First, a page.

Don Morgan

Don Morgan • Written August 2014

Don Morgan is Senior Partner and Co-Founder of GMA Research, a leading full service market research firm headquartered in Bellevue, Washington serving a wide range of clients in transportation, tourism, retail, high tech, health care and consumer packaged goods.

Don founded GMA Research along with Richard Grant in 1970 with the first office in Portland, Oregon.  The two met while completing their MBAs at Portland State University.  GMA grew from a small, fledgling research boutique agency to a multi-office, international research enterprise with a national and international reputation for providing high quality, strategic, actionable market intelligence.  While the original name of the firm was Grant-Morgan Associates, very early on the name was changed to GMA Research.  Today the firm is managed by two senior partners, Don Morgan and Dick Anderson (who is informally referred to as the “A” in GMA).

Over the years, GMA has served the needs of long standing client relationships with major brands including Boeing, United Airlines, Holland America, Macy’s, Whitbread Breweries, Ivar’s,  Anthony’s Restaurants, Heinz, Sunkist, Destination Marketing Association International, Alaska Tourism, Palm Beach CVB, Essentia Water and Fisher Broadcasting.   In addition, Don has assisted a number of arts organizations including ENCORE Media, Seattle Symphony where he served on the board of directors, Seattle Opera, Seattle International Film Festival, Seattle Repertory Theatre with audience research and development.

In health care, representative clients include Regence, Swedish, Overlake, Evergreen, SCCA, Fred Hutchinson, Franciscan Health System, Kadlec Medical Center and many other providers throughout the US.

Don graduated with an MBA from Portland State University with an emphasis in Management Science and Research.  He lectures and has taught at several leading universities including the University of Puget Sound and the University of Washington as well as a guest speaker at conferences and symposiums throughout the country on research techniques, consumer trends and conducted seminars on research planning including focus groups and survey methods. 

In addition, he has authored a number of articles and white papers on research methods, marketing and public opinion surveys.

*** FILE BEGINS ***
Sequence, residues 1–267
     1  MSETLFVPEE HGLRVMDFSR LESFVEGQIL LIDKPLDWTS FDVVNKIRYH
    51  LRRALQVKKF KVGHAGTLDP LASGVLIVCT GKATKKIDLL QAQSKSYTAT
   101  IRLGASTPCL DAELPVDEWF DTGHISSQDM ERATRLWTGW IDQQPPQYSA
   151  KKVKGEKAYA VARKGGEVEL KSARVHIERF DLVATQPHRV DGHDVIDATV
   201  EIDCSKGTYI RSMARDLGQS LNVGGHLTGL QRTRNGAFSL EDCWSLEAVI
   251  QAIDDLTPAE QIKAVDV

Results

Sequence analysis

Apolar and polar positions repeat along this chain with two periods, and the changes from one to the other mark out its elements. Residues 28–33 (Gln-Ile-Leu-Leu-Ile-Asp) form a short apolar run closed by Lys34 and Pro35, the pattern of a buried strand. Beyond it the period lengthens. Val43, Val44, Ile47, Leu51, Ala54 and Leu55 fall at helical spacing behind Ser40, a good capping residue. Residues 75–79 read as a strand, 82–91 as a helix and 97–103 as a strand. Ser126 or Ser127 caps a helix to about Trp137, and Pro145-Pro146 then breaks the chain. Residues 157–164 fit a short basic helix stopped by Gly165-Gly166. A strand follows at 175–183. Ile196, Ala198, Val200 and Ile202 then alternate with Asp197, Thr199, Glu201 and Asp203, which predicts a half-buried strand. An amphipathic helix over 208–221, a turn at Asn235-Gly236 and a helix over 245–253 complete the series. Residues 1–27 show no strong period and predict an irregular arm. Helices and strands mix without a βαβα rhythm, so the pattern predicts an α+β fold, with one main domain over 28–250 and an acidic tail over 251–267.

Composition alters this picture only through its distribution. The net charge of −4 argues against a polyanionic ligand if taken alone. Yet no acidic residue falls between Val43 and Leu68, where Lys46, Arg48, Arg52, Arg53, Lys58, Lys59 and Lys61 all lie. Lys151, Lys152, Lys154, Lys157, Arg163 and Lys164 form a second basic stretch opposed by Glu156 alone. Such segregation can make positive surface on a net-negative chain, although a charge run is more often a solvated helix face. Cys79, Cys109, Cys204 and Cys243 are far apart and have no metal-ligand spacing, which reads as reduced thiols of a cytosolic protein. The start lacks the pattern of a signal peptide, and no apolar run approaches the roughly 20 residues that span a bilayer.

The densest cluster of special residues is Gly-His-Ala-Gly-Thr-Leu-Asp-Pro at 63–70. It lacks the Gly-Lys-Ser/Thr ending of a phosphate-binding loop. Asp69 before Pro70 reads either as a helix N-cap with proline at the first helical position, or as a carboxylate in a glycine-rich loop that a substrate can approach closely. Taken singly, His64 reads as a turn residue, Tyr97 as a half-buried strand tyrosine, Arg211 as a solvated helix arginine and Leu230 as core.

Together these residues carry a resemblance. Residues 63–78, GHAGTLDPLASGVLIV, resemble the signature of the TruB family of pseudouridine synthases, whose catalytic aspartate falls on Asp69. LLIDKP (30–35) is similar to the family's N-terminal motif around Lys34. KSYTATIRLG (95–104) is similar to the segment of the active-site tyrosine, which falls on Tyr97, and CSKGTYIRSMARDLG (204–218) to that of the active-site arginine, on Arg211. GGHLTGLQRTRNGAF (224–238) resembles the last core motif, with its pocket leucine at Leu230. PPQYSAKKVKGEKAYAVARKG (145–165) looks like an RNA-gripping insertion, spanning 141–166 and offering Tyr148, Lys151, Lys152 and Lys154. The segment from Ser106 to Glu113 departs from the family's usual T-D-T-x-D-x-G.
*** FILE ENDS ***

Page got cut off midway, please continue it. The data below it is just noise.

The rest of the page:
Don is active in several professional associations include Marketing and Communications Executives International, American Marketing Association (Past President, Puget Sound Chapter), Puget Sound Research Forum, and the ESOMAR (European Society of Market Research.) 

He has also been featured in Time Magazine, Marketing, Marketing News  and on a CBS Television special.  He has written guest columns and articles on marketing research and consumer trends for a number of trade journals including Marketing and Media Inc and contributed to several leading  business books.

Don is also a certified  expert witness in using survey research as evidence in litigations involving trademark/trade dress litigation and other intellectual property rights.

One evening in the Fall of 1970, I was sitting with my fellow MBA student (and soon to be co-founder of GMA Research), Richard Grant, at Sam’s Hofbrau House next to Portland State University in downtown Portland, sharing a pizza and couple of beers.  We’d just finished an evening class where we completed a practicum course that involved each student being assigned a company to work with on a case study.  Our professor, Dr. James Manning, had instructed us to act like Peter Drucker, only younger, and advise our “clients” on what to do to improve their “enterprise”—although in those days, we didn’t use that kind of language. 

Richard and I got to talking about our assignments and how we enjoyed consulting with companies and that it might just be something we would consider doing once we received our MBAs and graduated.  A few more beers and slices later, we became even more excited about this prospect. And before we knew it, we’d hammered out a draft partnership agreement to become management consultants. And we wrote it on a napkin.  How typical of entrepreneurs—then and now.

 We decided to call ourselves “Grant Morgan Associates.” That seemed like a good idea, since his name was Grant and mine was Morgan, and even though we didn’t have any “associates”, it always sounded better if you pretended like you did.  We even went so far as to come up with the tagline…“The Young Professionals,” because we thought  that, rather than hire a seasoned, experienced professional like Peter Drucker, companies would much rather hire a couple of young MBAs who, other than academic training, had no idea what they were doing.  But that didn’t stop us. Of course, we discovered pretty quickly that calling ourselves “The Young Professionals” was not such a good idea after all.

 Our first break came not as management consultants (no one wanted to hire a couple of “20-somethings” with no experience) but as market researchers.  Our first real client was the Blitz Weinhard Brewery in Portland.  Our professor, Dr. James Manning, had recommended to the marketing guys at Blitz Weinhard to talk to us about doing a consumer survey.  At the time, Blitz also was bottling a lower-price brand (Bohemian) and they were worried consumers were purchasing Bohemian, thinking it was just Blitz beer with a different label.  So we designed our very first consumer survey questionnaire and went knocking on doors, asking people if they drank beer and some questions about Blitz and other brands.  In those days, we were just beginning to use the telephone to conduct surveys and the standard method of interviewing was face-to- face or door-to-door.  I can remember going out on Winter evenings, knocking on doors and asking people if we could ask them a few questions.  This was my first taste of what all interviewers experience…rejection.  The bane of the interviewer—then and now—is people not wanting to be talked with, and I got lots of doors slammed in my face.